sanctions, MidCap argues that the court has already found
that the main types of sanctions requested in that motion
were not appropriate and that since the undisclosed lawsuit
would not have been relevant to personal jurisdiction anyway,
the court should not award any fees. Id. MidCap
asserts that if the court still wants to award sanctions, it
should only award sanctions causally linked to the
nondisclosure of the Dallas lawsuit versus the nonmonetary
sanctions the court denied. Id. MidCap posits that
this amount should be limited to $5, 000. Id.
the court agrees with MidCap that its sanctions under the
U.S. Supreme Court's guidance relating to Rule 26
sanctions in Goodyear, the sanction “must be
compensatory rather than punitive in nature.”
Goodyear Tire & Rubber Co., 137 S.Ct. at 1186.
Thus, a “fee award may go no further than to redress
the wronged party ‘for losses sustained'; it may
not impose an additional amount as punishment for the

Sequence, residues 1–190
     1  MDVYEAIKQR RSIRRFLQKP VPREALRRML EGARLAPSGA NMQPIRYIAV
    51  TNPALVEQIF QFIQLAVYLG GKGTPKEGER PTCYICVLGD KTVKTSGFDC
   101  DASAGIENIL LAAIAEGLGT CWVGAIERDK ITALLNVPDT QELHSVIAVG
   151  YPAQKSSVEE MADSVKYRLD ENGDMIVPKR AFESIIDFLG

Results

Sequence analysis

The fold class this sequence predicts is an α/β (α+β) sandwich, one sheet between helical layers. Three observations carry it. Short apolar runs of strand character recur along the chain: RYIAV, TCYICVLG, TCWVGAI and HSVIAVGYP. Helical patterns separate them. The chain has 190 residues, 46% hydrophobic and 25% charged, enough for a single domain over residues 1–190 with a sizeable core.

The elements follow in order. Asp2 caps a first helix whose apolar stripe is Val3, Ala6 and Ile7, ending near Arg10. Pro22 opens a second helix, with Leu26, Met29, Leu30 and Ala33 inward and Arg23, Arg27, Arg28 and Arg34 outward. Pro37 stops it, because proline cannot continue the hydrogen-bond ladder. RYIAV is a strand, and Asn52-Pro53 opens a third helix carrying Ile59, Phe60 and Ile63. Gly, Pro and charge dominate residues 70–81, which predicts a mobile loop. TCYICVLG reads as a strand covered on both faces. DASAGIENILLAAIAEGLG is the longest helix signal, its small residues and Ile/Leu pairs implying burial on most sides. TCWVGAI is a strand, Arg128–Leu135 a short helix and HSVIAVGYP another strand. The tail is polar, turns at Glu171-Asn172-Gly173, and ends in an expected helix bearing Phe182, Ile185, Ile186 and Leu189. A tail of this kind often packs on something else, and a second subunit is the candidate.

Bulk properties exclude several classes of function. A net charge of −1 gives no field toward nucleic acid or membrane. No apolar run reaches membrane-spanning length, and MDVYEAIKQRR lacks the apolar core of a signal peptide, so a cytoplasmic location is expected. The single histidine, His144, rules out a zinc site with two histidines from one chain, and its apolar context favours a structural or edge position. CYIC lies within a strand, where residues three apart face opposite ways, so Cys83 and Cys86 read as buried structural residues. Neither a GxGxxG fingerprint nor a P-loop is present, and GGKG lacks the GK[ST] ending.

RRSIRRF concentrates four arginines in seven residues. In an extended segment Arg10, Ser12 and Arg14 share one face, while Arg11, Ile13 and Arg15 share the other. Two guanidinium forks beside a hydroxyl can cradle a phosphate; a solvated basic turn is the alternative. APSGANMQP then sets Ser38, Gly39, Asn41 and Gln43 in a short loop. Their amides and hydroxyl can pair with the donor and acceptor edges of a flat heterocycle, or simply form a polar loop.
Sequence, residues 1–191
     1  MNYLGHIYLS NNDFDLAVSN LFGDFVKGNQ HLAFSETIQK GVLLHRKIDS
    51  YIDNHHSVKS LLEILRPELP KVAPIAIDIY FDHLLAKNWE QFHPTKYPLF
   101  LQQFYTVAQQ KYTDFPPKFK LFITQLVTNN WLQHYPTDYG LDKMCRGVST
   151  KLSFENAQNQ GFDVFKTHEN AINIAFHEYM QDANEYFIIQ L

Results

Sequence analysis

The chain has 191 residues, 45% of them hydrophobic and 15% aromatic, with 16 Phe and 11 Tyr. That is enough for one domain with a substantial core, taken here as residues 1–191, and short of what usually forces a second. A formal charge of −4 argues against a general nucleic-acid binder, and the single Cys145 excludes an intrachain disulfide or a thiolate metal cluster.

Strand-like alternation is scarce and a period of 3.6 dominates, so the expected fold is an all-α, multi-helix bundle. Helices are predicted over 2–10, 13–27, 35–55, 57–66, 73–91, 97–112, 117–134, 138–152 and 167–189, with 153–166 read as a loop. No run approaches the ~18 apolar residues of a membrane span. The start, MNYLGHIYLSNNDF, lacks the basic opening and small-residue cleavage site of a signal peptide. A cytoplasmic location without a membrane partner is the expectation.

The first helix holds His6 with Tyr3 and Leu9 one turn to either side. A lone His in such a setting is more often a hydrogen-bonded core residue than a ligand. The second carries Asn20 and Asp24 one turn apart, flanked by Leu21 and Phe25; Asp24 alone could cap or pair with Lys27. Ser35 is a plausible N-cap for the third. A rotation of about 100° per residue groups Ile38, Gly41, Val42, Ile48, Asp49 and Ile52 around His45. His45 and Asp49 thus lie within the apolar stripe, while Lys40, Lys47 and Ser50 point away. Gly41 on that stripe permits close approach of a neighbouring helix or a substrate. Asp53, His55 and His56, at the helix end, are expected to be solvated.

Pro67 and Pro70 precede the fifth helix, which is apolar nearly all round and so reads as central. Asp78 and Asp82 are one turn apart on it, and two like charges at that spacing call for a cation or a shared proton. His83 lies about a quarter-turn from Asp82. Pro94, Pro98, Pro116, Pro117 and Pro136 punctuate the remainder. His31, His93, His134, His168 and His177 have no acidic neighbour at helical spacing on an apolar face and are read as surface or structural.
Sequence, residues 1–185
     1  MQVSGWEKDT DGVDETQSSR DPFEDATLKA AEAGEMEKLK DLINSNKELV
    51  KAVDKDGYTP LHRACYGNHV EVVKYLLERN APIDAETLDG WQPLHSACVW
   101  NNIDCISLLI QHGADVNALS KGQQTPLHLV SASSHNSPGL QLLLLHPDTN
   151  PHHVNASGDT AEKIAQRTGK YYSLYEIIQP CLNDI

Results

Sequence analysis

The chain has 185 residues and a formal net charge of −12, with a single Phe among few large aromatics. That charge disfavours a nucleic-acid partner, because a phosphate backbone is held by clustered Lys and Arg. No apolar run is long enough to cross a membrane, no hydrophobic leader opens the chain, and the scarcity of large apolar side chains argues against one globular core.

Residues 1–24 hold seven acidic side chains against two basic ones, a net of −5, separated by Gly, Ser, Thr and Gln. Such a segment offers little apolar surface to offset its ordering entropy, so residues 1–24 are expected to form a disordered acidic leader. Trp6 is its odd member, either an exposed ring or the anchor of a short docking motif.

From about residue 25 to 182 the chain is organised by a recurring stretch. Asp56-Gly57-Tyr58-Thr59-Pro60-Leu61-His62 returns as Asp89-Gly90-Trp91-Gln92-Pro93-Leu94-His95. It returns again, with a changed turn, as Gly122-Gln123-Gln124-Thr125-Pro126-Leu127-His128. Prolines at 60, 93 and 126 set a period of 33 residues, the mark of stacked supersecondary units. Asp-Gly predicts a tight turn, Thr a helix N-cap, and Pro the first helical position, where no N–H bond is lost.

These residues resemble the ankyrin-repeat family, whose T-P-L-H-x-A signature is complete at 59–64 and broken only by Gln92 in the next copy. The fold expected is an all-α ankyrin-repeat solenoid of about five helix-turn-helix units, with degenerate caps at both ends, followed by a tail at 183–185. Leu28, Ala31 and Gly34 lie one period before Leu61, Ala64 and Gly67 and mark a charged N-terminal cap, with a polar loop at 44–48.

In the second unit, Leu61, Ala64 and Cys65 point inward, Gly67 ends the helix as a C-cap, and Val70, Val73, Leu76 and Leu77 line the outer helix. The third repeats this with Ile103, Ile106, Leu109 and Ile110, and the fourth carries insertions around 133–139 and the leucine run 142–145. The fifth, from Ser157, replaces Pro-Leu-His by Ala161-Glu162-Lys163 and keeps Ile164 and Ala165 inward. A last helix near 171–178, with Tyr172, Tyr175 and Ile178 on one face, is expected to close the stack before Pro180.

sanctioned party's misbehavior.” Id. The
fee must therefore be “‘calibrate[d] to [the]
damages caused by' the bad-faith acts on which it is
the “misbehavior” is failing to disclose the
lawsuit in response to discovery requests. The fees related
to the motion for sanctions are clearly harm that resulted
from that failure. The court understands MidCap's
argument that the motion was not entirely successful because
the court did not award the types of sanctions sought, but it
does not believe that fact impacts the time spent on the
motion enough to deduct from the hours spent preparing.
time spent filing the motion to dismiss, on the other hand,
is not as clearly “calibrated to the damages caused
by” the failure to comply with the discovery requests.
First, the court agrees with MidCap regarding tasks performed
prior to the discovery deadline, time spent on discovery
related to other parties, and fees associated with making
arguments for dismissal that are distinct from ...